The Articles of Confederation is a grueling and difficult battle. For almost sixteen months politicians of various states debate about its ratification. For several months, the condition in Virginia is bleak because of the bickering over land claims, and then my beloved state decided to cede for the reason that the surrendered Western lands will be equally distributed. The ratification of Articles of Confederation has its own advantages and disadvantages. The major advantage of the ratification is that it landscaped a new America because for the first time in history someone has made a constitution that will bind a nation.
The ratification paved the way for American Revolution because the government was transformed to new heights. At the onset, American is ruled by the king, and because of the Articles of Confederation the sovereignty was centralized to American states. But the article failed in actualizing its aim, which served as an impetus for redefinition of America wherein the people became sovereign. And because of that leap from of sovereignty King to American people, the ratification in a way became meaningful. But the disadvantages of such ratification are so prominent that it can never be forgotten.
Under the Articles of Confederation, Congress did not possess an income independent of the states. Instead, the power to tax remained with the state governments and the federal government had to raise money through requisitions on the states. When the conflict with Britain created a demand for money, however, Congress did not at first ask the states to tax their citizens. As with the paper money, the certificate loan gave Congress purchasing power although it did not control any source of specie income. The major part of the debt cannot be regarded as a voluntary contribution to Congress.
Merchants preferred bonds to currency and soldiers preferred them to nothing at all. But both groups would much rather have been paid in gold or silver. Their skepticism soon proved well founded. Even when the debt was revalued in order to correspond to specie value, certificates depreciated fast as there was universal doubt that Congress would ever be able to redeem them. Loan certificates traded at twenty to twenty-five cents on the dollar from the end of the war to the ratification of the Constitution, whereas final settlement certificates went for ten to fifteen cents on the dollar.
They avoided the fate of the currency solely because it was hoped that the Articles of Confederation would be amended so as to provide Congress with a hard money income, thereby allowing for interest payments in specie, or else that the state governments would accept responsibility for the debt. As with the currency, the loan certificate debt was a measure that could not be repeated. Given the choice, no one would subscribe to a loan floated by the federal government if it had no guarantee of payment other than Congress’s word. This claim does not rest on mere conjecture.
In October 1786, Congress tried to borrow $500,000 to increase the federal army in the wake of Shays’ Rebellion and asked the states to pledge money for repayment by voting tax funds. The result was dismal. Only Virginia bothered to take any action at all, but did so insufficiently, whereas the other states did nothing. Not surprisingly, the loan failed to attract a single subscriber. The insufficiency of funds, since it was allocated on war, brought dismal living for approximately 650, 000 Virginians. Trade did not flourish so well because people do not have enough money to buy food, and to open up a business.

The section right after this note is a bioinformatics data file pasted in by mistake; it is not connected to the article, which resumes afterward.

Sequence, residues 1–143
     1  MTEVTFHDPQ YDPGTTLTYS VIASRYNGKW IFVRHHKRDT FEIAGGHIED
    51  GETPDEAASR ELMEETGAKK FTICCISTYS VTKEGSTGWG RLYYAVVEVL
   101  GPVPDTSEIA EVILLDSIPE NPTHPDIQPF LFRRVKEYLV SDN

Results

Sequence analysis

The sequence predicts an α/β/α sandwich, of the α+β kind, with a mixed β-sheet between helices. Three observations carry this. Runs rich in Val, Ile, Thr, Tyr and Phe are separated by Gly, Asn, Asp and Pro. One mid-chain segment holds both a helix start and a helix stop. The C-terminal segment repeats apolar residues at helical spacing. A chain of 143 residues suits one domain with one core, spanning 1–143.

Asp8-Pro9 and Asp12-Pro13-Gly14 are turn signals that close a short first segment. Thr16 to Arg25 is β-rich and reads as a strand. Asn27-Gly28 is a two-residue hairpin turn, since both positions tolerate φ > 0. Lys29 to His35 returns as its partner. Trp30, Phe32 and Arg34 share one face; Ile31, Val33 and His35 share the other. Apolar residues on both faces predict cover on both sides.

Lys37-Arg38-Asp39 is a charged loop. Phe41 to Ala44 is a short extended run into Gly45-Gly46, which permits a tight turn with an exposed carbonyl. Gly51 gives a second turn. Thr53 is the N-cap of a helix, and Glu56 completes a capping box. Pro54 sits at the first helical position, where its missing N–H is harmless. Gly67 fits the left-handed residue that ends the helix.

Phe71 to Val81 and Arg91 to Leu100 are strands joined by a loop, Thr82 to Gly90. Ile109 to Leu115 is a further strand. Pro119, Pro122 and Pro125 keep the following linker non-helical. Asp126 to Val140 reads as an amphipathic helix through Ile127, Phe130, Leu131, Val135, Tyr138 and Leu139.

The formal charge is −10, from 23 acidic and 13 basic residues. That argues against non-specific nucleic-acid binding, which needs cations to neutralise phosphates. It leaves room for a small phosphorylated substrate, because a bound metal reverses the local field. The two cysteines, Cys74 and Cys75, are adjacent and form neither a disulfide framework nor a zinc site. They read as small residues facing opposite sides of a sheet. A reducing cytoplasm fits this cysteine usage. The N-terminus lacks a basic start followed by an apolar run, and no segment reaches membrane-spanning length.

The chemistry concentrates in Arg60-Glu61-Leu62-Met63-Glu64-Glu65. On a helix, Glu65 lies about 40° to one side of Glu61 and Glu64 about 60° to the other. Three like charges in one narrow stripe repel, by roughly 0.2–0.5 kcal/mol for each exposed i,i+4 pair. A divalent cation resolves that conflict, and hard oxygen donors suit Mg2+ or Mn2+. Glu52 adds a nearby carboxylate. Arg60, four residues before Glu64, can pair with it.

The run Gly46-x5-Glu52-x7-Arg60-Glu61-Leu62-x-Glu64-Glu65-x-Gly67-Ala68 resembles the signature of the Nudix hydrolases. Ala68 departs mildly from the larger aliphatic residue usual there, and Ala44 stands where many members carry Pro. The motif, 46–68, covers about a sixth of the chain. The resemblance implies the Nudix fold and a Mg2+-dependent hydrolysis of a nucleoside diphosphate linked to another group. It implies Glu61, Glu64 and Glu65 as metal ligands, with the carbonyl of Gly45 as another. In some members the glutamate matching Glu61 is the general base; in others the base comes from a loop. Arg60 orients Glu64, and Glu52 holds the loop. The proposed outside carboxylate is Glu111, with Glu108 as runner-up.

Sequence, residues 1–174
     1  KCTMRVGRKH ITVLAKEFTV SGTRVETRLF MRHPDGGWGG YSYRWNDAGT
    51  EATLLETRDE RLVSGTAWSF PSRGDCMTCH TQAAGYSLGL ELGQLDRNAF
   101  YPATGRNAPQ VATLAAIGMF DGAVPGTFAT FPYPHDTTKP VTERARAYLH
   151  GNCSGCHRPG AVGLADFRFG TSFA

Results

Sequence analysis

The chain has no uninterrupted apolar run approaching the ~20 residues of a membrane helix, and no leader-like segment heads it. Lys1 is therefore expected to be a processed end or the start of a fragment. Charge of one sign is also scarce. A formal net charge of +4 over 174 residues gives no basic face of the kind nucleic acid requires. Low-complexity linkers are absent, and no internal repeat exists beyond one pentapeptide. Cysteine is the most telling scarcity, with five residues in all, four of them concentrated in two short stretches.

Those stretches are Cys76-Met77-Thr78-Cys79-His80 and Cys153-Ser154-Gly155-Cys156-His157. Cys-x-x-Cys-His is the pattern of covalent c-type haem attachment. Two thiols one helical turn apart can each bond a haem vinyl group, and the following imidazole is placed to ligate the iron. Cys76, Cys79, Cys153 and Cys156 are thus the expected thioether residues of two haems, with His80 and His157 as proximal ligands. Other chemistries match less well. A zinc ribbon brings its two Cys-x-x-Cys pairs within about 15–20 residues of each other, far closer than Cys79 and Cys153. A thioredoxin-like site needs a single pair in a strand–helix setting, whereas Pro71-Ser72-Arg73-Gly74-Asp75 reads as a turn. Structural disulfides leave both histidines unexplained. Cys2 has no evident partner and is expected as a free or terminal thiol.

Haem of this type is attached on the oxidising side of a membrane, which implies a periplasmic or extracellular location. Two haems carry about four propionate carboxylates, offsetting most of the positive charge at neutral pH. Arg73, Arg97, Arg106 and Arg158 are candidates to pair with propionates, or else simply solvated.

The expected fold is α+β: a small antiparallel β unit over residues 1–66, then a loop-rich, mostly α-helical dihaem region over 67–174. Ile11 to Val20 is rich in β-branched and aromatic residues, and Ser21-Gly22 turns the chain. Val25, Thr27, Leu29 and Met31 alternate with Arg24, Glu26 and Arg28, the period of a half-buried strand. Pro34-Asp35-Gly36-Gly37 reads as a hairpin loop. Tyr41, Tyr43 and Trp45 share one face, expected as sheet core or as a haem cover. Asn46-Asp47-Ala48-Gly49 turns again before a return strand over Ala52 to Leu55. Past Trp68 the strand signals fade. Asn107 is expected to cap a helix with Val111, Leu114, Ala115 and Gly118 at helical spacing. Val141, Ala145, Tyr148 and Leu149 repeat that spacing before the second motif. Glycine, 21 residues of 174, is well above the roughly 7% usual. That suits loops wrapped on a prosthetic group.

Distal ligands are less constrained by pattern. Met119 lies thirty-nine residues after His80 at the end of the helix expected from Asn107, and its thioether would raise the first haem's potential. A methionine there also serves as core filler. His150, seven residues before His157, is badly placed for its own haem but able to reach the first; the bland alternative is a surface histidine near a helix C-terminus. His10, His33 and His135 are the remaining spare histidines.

The lack of funds and the higher tax rate imposed to Virginians worsen our living because everything is expensive, from the staple foods to imported goods. Being a soldier was the most in-demand occupation during the time, as pointed out earlier the government focused so many funds to war, a reason why many young adult Virginians participate in American-English war. Though it can be argued, that being a part of the agricultural enterprise is another means to have a job; it does not necessarily follow given the situation that one will be successful because most Virginians were part of such business.
After the revolution, Virginians again took up the topic of Church and State. In the absence of public tax support, the formerly established Anglican Church in the state was languishing, but a return to the former system of taxing everyone for its benefit was now out of the question. Instead, in 1784, Patrick Henry introduced a Bill to Enact a General Assessment for the support of all Christian churches that would require all citizens to be taxed for the support of the church and minister of their choice.
Those who wished to support no church or minister could opt to have their contributions go toward the support of education. Proponents of this bill defended it as promoting the general welfare of society by strengthening morality and civic harmony. They reasoned that such a general assessment would be compatible with religious liberty in that it allowed for no preference or preeminence among churches, that is, no establishment of religion.
If not for the realization of American Revolution, then the entirety of Articles of Confederation will be futile and meaningless, and for this reason, as a citizen of America and of Virginia I will still let the ratification happen. It is because there is high price to pay in every revolution. And because of the fact, there is no revolution without hardships.
Currie, David P. The Constitution in Congress: The Federalist Period 1789-1801 Chicago, Ill. University of Chicago Press, 1999. Hough, Franklin Benjamin. The Articles of Confederation Champaign, Ill. Project Gutenberg.